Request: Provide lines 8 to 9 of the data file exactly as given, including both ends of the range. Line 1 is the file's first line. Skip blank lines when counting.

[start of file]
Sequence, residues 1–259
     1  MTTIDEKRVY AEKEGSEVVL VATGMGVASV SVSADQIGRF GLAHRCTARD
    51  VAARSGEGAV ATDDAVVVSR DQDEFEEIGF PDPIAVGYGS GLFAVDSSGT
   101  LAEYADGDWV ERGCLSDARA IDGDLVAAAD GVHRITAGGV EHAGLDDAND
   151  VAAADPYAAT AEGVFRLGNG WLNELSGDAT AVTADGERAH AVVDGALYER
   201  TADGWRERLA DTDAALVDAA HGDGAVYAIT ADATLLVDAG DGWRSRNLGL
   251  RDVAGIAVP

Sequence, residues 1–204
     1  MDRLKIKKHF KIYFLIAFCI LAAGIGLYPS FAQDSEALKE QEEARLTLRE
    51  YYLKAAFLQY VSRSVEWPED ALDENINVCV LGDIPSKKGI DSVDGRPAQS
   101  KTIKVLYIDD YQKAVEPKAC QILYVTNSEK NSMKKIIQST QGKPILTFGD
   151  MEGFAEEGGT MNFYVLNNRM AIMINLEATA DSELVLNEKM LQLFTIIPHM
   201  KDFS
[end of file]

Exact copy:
Sequence, residues 1–204
     1  MDRLKIKKHF KIYFLIAFCI LAAGIGLYPS FAQDSEALKE QEEARLTLRE